Buffalo is the second-biggest city in New York. It's the third-poorest city in the nation. It could soon be the first major American city in six decades to elect a socialist as mayor.
And now, Buffalo is a flashpoint for the national divides in the Democratic Party.
"This race has taken on a life of its own," India Walton, the Democratic nominee in Buffalo's mayoral race, told CBS News. "I feel the weight of the nation watching what is happening in Buffalo right now."
Walton shocked the city when sheShe's a 38-year-old nurse and community activist who has never worked in government. She'd be the city's first female mayor.
Walton ran as a Democratic socialist against incumbent Mayor Byron Brown, a Democrat running for a fifth term. She won by 1,500 votes.
"This is organizing," she told a cheering crowd on the night of her upset victory. "When we organize, we win."
But Brown didn't concede. Instead, he's running against her as a write-in candidate.
He said just days after his primary defeat that his supporters didn't want "a radical socialist occupying the mayor's office in Buffalo City Hall." And he set up a campaign office right across the street from hers.
Walton is endorsed by Vermont Senator Bernie Sanders — who started his political career as the socialist mayor of Burlington — and by Alexandria Ocasio-Cortez, who campaigned for her in Buffalo last weekend. Senate Majority Leader Chuck Schumer of New York also endorsed her.
Brown, who is Buffalo's first Black mayor and calls himself "a progressive moderate," is getting considerable support from Republicans, real estate developers and Buffalo's police union in his write-in campaign.
Meanwhile, New York State's Democratic Party and Governor Kathy Hochul, who's from Buffalo, haven't issued an endorsement, even though Walton is officially the Democratic nominee.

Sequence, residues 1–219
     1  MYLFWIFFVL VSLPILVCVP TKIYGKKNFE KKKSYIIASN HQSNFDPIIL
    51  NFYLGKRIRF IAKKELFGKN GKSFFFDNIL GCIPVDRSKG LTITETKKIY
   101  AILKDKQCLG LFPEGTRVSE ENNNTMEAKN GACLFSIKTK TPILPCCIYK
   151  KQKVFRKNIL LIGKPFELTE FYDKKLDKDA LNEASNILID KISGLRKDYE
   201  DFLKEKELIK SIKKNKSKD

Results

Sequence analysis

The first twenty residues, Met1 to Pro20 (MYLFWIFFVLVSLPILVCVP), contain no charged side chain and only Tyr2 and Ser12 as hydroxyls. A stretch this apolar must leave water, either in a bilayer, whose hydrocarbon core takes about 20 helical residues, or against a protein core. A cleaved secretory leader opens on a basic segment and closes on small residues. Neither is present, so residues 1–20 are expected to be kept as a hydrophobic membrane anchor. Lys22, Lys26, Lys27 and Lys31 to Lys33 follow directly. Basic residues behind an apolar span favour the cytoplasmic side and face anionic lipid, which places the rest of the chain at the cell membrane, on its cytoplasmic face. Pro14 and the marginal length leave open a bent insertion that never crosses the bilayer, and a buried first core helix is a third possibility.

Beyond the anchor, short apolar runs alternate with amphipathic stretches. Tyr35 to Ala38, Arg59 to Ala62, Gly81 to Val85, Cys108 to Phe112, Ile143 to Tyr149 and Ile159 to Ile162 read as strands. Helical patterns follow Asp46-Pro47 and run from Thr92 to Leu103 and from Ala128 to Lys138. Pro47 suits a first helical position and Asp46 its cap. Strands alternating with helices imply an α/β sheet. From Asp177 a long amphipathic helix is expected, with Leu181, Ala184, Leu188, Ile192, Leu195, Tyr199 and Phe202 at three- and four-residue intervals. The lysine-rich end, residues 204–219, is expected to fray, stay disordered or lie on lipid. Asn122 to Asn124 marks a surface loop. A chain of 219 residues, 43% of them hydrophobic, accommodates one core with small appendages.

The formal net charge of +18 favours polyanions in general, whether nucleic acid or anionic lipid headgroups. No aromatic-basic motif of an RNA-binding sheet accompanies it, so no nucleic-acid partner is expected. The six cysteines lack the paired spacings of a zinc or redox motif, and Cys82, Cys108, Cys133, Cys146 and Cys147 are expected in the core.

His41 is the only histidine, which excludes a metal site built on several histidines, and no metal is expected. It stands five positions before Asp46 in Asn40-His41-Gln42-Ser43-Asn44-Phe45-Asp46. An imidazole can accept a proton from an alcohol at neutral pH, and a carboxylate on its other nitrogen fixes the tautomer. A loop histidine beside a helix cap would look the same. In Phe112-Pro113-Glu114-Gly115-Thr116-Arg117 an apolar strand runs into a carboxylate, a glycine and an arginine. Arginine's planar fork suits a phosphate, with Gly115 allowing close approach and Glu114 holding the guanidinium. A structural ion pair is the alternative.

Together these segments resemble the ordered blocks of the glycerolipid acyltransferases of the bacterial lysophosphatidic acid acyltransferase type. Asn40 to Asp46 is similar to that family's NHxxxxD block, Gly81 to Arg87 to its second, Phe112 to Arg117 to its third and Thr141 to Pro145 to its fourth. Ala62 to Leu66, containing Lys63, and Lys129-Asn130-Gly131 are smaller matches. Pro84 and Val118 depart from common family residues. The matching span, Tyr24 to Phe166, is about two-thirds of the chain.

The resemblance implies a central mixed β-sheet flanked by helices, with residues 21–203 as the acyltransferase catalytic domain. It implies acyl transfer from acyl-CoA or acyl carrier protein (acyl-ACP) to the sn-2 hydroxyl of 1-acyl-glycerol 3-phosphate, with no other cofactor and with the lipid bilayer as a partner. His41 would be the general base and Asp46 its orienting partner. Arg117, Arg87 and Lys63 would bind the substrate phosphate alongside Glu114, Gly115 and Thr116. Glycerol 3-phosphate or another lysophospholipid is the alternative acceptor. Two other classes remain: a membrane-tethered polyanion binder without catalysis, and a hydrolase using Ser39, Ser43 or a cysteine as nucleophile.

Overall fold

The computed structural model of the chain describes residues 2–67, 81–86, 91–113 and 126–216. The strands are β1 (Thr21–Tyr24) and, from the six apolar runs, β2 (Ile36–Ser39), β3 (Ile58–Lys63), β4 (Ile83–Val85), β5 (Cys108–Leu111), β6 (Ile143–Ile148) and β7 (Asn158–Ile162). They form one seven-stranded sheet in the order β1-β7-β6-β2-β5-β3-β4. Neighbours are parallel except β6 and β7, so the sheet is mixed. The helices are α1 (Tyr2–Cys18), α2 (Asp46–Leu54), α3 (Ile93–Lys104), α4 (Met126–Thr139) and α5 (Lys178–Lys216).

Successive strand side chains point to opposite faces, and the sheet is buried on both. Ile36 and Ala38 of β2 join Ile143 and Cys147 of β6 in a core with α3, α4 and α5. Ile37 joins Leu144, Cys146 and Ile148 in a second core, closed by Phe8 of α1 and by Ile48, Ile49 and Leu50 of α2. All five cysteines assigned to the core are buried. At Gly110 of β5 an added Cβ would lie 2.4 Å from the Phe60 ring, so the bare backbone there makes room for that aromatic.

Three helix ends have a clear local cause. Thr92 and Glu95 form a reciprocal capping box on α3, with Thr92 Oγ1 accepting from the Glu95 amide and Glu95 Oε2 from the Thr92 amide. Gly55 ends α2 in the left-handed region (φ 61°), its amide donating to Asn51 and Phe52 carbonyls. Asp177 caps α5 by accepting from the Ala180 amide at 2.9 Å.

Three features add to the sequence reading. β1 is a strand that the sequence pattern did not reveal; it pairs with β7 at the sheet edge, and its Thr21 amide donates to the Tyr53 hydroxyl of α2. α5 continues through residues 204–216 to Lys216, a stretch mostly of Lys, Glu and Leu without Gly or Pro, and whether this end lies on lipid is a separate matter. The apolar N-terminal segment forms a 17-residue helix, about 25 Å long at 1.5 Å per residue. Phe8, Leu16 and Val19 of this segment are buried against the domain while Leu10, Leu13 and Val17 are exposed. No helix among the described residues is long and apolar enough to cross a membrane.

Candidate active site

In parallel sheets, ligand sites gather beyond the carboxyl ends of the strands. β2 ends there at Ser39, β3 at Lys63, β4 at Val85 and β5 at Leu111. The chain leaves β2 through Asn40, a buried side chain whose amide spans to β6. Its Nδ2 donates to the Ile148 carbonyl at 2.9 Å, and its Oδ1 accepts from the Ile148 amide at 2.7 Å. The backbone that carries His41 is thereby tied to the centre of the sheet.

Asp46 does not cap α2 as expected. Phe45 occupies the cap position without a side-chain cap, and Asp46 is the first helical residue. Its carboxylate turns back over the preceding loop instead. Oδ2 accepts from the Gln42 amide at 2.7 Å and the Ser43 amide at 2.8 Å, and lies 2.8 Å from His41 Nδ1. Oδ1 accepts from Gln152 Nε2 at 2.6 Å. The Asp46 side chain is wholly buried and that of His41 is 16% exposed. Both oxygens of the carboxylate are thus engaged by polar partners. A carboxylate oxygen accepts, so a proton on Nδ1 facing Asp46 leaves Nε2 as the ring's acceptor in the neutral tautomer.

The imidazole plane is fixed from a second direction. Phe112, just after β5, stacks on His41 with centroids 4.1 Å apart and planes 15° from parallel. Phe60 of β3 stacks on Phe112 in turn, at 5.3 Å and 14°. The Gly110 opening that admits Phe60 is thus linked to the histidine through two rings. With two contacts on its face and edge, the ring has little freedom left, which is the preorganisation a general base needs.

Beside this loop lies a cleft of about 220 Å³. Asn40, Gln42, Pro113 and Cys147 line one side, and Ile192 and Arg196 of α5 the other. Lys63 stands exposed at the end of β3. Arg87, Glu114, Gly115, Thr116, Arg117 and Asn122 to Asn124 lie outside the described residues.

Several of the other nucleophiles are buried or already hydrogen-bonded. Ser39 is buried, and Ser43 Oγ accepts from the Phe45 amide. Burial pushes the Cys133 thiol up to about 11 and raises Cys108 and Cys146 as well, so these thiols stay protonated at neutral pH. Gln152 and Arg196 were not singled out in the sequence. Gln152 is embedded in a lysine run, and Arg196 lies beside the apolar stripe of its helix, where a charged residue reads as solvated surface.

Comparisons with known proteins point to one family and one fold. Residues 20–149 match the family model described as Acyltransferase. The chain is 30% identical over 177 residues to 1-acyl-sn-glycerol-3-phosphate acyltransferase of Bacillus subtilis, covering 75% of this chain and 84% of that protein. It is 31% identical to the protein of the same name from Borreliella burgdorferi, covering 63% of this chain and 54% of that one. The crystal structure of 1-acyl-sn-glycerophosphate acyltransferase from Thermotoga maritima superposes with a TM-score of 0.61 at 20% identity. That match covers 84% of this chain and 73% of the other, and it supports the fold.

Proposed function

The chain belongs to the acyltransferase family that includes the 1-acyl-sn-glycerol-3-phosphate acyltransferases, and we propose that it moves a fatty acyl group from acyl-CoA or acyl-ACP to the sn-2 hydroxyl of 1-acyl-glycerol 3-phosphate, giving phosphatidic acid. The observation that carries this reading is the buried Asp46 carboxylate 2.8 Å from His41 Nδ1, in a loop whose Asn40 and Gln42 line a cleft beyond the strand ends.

In the race's final days, both candidates are running on the same question: What would actually happen if a socialist becomes mayor?
"A socialist mayor is not going to kill business," Walton said. "A socialist mayor is not going to take away people's rights to own private property. A socialist mayor is not going to unleash a reign of crime and disorder on the city."
Walton said that under her leadership, Buffalo has "to go back and address the root causes of concentrated poverty." A top priority for her first year in office is building new housing for lower and middle class residents. She wants the city to have a universal basic income. And she said the wealthiest Buffalonians will pay higher taxes to fund city services.
"We're going to see those things happen in real time, and we're going to prove that it works," she said.
Brown said Walton will either hurt the city's economy, or just not get much done.
"She doesn't know what city government does from what county government does from what the state government does," Brown told CBS News. "She just mixes it all together like the mayor is some all-powerful figure."
But he's surprised Walton's idea connected with so many voters in Buffalo.